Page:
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silver surfer

Hpc 2 Is Close...

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With all the apocolyptical stories in the news it's easy to get carried away anticipating the property bargains that will soon be on offer. As a STR'r I'm just as liable to the same daydreams, but a bit of realism now will prevent a lot of disapointment later. I don't think the next few years will automatically prove to be a house buyer's paradise even after the crash,

1. When the market crashes many of the best properties in each price bracket will be simply withdrawn from the market. I was a buyer during the 1989-95 crash and it was a dispiriting experience to see EA windows full of the same old no-hoper properties with months between the rare appearance of anything decent. The headline grabbing distress sales disproportionately featured the sort of rubbish housing that no one here is dreaming about, bereavment sales that need a fortune spent on modernisation, or sales from the kind of inept DIY pebble-dasher twho is naturally first in line when a company's deciding who to chop. Conversely the best properties in each price band tend to be owned by the more experienced and organised buyers, who also tend to be the ones best able to pull in their horns and wait for it all to blow over.

2. If you do find your dream property you'll most likely have to sell your own place first. No easy matter when the market's hibernating, in 1991 I sold a house three times before the deal was finally completed, in fact my abiding memory from the 1989-95 market wasn't stories about great bargains, it was everyone's despondent moaning about endless property chains and the dearth of decent properties for sale.

3. Job security isn't great now, but when property prices fall it'll be far worse, after all that'll be one of the reasons why the prices fall in the first place. So committing to a mortgage will be as much an anxious moment as a happy one, not least because when you buy during a crash you're not expecting prices to increase in the near future, so if things go wrong with your job you know you won't receive a HPI get out of jail free card.

4. A major driver of today's market has been BTL, so when the crash comes it's flats that will fall first and fall furthest. Great news for first time buyers (good for them, they deserve a break), but not such good news for STR's like myself, who will generally be looking for houses. I wouldn't be surprised if the nominal house price fall over the next two years was about 20-25%, but equally I wouldn't be surprised if that average was comprised of flats falling 30 or 35% but houses only falling 15-20%. Inflation adjusted price declines will likely be greater, but that'll take years to work through just like it did last time.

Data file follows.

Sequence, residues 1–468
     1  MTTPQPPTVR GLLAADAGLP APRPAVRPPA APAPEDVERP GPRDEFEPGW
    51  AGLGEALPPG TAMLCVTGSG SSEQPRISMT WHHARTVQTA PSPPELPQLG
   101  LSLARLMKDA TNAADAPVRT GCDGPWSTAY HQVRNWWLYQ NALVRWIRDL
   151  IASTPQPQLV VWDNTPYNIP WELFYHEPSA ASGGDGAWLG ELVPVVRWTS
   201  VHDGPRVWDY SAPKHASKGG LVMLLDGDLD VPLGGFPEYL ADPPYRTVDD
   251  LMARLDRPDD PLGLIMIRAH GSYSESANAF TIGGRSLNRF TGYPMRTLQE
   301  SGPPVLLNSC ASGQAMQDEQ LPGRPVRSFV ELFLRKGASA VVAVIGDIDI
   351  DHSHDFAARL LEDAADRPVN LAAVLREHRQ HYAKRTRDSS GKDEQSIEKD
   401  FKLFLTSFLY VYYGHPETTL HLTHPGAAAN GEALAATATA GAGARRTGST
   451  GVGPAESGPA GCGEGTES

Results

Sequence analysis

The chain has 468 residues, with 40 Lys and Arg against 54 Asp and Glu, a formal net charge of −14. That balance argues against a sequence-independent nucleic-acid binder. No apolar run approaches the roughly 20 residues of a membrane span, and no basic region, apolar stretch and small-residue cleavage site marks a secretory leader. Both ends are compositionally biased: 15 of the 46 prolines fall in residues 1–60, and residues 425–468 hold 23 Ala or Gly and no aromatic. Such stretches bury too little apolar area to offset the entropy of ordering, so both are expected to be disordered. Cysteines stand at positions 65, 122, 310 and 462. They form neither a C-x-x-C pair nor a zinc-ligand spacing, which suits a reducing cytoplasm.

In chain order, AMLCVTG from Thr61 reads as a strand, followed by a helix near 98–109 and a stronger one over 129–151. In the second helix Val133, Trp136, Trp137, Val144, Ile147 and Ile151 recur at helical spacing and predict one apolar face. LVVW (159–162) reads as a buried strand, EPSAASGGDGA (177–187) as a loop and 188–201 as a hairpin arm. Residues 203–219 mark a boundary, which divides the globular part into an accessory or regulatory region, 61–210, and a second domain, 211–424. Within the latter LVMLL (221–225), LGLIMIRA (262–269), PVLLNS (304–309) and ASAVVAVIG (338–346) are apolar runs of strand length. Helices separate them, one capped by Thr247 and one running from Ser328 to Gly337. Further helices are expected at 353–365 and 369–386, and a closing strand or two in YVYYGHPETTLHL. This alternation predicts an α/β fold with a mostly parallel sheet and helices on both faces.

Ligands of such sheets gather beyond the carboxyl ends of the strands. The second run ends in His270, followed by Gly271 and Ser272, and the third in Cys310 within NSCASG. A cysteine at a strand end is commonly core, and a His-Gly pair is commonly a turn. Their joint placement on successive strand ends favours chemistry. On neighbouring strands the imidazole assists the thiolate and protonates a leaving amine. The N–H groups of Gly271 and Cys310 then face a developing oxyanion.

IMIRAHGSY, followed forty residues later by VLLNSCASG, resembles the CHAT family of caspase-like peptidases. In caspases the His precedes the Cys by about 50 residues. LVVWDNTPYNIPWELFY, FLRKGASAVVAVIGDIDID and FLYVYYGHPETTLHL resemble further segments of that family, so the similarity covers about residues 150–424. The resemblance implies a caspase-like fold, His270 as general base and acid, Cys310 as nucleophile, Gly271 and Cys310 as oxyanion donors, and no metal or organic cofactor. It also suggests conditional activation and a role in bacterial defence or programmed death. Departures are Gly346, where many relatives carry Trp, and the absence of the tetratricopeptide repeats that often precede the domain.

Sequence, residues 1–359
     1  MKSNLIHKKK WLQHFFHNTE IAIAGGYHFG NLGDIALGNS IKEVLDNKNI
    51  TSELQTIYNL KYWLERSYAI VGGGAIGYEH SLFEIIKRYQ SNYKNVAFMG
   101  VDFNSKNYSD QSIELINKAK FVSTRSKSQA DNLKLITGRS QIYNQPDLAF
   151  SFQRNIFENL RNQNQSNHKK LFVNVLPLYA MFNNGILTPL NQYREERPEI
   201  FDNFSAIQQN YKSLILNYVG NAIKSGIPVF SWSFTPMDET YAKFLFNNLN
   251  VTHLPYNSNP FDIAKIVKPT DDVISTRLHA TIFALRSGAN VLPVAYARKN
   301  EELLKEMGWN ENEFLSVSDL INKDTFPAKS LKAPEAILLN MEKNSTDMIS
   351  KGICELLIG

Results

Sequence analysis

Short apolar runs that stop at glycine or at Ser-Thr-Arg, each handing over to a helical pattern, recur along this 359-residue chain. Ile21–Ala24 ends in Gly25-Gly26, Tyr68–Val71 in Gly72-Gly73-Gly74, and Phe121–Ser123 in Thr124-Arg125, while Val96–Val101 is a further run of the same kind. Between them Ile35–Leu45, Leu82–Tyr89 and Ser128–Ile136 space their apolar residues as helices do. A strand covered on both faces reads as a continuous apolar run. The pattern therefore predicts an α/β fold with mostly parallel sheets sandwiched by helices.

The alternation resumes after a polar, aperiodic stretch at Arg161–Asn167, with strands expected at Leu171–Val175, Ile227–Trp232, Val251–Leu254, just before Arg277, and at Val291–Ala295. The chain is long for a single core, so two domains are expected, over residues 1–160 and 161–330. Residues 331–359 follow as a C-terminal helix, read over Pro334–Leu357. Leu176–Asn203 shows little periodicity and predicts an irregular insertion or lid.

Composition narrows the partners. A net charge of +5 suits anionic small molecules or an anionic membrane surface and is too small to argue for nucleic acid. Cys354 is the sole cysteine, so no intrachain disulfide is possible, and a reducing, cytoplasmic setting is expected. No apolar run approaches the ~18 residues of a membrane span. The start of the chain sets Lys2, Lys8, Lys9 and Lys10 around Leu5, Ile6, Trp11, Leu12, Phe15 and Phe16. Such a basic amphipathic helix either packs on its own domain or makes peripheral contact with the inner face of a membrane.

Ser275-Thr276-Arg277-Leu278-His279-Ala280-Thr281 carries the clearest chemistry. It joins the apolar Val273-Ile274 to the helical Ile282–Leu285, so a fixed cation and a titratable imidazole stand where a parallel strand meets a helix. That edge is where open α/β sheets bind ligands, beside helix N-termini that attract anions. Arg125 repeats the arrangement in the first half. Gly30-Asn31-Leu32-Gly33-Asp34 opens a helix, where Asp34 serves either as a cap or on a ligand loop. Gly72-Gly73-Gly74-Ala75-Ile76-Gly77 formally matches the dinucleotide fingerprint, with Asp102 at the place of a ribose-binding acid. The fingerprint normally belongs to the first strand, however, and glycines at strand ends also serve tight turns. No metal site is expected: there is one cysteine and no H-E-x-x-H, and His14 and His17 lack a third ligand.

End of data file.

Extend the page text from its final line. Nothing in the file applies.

5. And if you've found your dream home and closed the deal (and I sincerely hope you do), then you'll probably still need a mortgage. But they'll be harder to find and more expensive than they are today. So a buyer in 2010 or 2011 will feel every bit as stretched as a buyer in 2006 or 2007.

A house price crash is coming, but it'll still need perseverance, judgement and luck to secure the right property.

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Conversely the best properties in each price band tend to be owned by the more experienced and organised buyers, who also tend to be the ones best able to pull in their horns and wait for it all to blow over.

Yes. They aren't required to admit that they won't get their price unless they lose their jobs.

Forget FTBs, I think the Second Time Buyers are going to be key to the forthcoming situation. Here's some ideas about STBs:

They gloat about their tiny mortgages from yesteryear. They are the only people who have not yet bought in to the boom. Everyone else (older boomers, desperate FTBs, loss-maker landlords, city boys on XMAS bonuses, super rich untaxed foreigners) all these groups have already played their part and bought in, or don't need to, or are immune from this boom because of their position. But Second Time Buyers have not taken advantage of the low interest rates, and the chance to have a massive mortgage instead.

On the other hand, these STBs could be the group who expose the fraud. They stand to suffer when they discover that they can't sell for their price. Some of my friends are already discovering this, and the baby-to-youngster timebomb is already ticking. Over the next five years, these now-30-somethings-who-bought-7-years-ago are going to expose the market situation for what it is?

Edited by megaflop

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